Here are some of the more interesting media mentions of Sunlight and our friends and allies over the past week:
Alan Fram with the Associated Press wrote about how the health insurance industry is fighting to prevent the Congress from passing a health care overhaul that includes a government-run plan to compete with private insurers. Fram cites data from the Center for Responsive Politics to show how health insurers have made $41 million in campaign contributions to current congressional lawmakers since 1989, “with more than half going to lawmakers on the five House and Senate panels writing this year’s health bills.” Since the beginning of 2008, insurers have spent $145 million on lobbying.
The New York Times' Jack Rosenthal, in writing the paper’s “On Language” column, mentioned how Andrew Raseij, Sunlight’s senior technology advisor and co-director of Personal Democracy Forum, is pushing for a federal law that redefines “public” to mean searchable and readable online. U.S. Rep. Steve Israel (N.Y.) is drafting just such legislation. Rosenthal also noted how the Senate does not disclose campaign-contribution information to the Federal Election Commission in an electronic form. “That means it must be digitized by the commission, by which time the next election may well have come and gone. Transparent? Yes, but also emasculated,” Rosenthal wrote.
Federal Computer Week’s Ben Bain wrote about how the Obama administration is asking federal agencies to gear their spending plans for science and technology in fiscal 2011 toward projects designed to drive economic growth, create energy independence, improve health, and bolster security, according to recently issued general guidance. Peter Orszag, Obama’s OMB director, outlined the new emphasis in an August 4th memo (PDF). Craig Jennings, a senior federal fiscal policy analyst with OMB Watch, said the memo is an indication that science and technology will be high priorities for the administration.
Colin Barr at Fortune magazine wrote about how skeptics are questioning a claim made by Treasury Secretary Tim Geithner last Sunday on ABC’s “This Week.” Geithner said taxpayers have made a small profit, $6 billion, on their investments in banks via the Troubled Asset Relief Program. Barr quotes Marcus Peacock, Pew’s project director of Subsidyscope saying the government isn’t doing enough to document what’s happening with the money. Peacock said government data collection projects are often “pockmarked” with omissions and outright errors, a pattern that hasn’t been broken with the financial bailouts. Despite the administration’s public embrace of transparency, it has failed to provide full and understandable disclosure of its actions in TARP, Peacock said.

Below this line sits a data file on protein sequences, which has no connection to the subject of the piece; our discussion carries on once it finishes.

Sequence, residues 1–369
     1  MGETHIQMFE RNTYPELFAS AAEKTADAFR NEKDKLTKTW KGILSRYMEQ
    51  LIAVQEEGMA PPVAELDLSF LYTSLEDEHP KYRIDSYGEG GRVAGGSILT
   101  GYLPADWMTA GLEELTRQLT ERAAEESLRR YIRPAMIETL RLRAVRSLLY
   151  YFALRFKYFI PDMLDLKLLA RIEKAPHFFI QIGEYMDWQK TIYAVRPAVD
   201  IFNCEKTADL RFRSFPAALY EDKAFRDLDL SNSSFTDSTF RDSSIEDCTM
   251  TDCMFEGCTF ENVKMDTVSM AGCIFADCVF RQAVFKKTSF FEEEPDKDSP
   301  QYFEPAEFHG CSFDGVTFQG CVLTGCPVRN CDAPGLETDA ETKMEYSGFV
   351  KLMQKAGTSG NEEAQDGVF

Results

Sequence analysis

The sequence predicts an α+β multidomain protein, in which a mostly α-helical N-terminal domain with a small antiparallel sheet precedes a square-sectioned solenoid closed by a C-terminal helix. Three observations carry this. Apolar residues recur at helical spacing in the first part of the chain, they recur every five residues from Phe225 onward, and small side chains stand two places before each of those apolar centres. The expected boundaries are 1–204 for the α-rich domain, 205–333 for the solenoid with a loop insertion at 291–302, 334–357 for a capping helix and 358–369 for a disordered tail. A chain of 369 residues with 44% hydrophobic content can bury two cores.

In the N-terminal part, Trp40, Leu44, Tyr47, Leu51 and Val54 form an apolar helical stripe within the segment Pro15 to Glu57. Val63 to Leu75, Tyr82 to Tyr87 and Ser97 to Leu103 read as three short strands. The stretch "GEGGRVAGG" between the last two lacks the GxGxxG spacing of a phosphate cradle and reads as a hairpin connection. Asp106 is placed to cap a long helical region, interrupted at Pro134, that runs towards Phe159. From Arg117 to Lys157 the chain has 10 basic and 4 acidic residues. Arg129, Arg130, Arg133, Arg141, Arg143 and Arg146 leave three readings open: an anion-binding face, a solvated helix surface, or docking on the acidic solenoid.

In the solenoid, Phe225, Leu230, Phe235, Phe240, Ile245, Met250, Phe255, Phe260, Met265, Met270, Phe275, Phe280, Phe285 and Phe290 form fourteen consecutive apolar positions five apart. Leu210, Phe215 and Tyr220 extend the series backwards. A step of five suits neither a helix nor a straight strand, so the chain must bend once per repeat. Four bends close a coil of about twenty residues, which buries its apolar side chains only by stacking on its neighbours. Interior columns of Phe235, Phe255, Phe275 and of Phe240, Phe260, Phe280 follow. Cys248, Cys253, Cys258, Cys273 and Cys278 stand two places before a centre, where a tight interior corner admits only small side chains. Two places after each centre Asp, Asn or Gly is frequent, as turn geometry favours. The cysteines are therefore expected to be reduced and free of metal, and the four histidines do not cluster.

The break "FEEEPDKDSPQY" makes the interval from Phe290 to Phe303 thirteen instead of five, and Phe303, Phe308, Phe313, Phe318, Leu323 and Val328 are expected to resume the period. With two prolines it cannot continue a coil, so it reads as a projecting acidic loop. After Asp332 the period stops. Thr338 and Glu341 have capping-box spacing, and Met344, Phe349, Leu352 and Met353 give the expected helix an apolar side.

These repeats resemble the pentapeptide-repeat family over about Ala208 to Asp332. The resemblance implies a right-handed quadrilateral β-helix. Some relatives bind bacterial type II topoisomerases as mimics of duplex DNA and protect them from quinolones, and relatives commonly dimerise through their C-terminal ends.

The Brattleboro (Vt.) Reformer editorialized about the Blue Dog Coalition’s effect on the health care debate in Congress, using Dan Eggen’s article in last Friday’s edition of The Washington Post. The editorial notes Eggen citing Party Time’s compilation of records of political fundraisers since 2008. “America has been waiting for more than 60 years for universal health care. (The) Blue Dogs wouldn’t mind if it took another 60 years to give Americans what every other advanced nation in the world now has,” the editorial says. “This is yet another example of how our current system of legalized bribery, otherwise known as campaign contributions, distorts the democratic process.”
Beth Sussman, writing at the National Journal’s “Under the Influence” blog, OpenCongress' redesign. She quotes OpenCongress’ David Moore, “You never hear somebody at a bar talking about clause 56 in H.R. 3200.” So OpenCongress “enables peer-to-peer communication about the best information on bills in Congress.” Sussman reports how the site now has an email form, so you can send an email to contact lawmakers about legislation, a tracking tool so you can compare how you would vote on a piece of legislation with how your representative has voted and a personalized list of legislation you may support or oppose. “There was a real opportunity to bring together this confusing government data with helpful data and what people were saying about it,” David said. The site aims to “make all the information about Congress more accessible to people who aren’t necessarily Congress-buffs.”
USA Today wrote about documents made public by the Project on Government Oversight (POGO) that showed how Amtrak wanted to fire its independent Inspector General, who was effectively forced to resign several weeks ago. The IG and the rail carrier had feuded since it was revealed in 2006 that Amtrak had spent more than $100 million in mismanaged fees to private lawyers over a five year period, allegedly violating Amtrak billing rules.
The Lincoln (Neb.) Journal Star editorialized about the need for congressional lawmakers to read legislation they are voting on. They mentioned how Sunlight is one of a number of organizations advocating that Congress put all legislation online 72 hours before they conduct a vote. The editorial called on Nebraska’s congressional delegation to support such a proposal.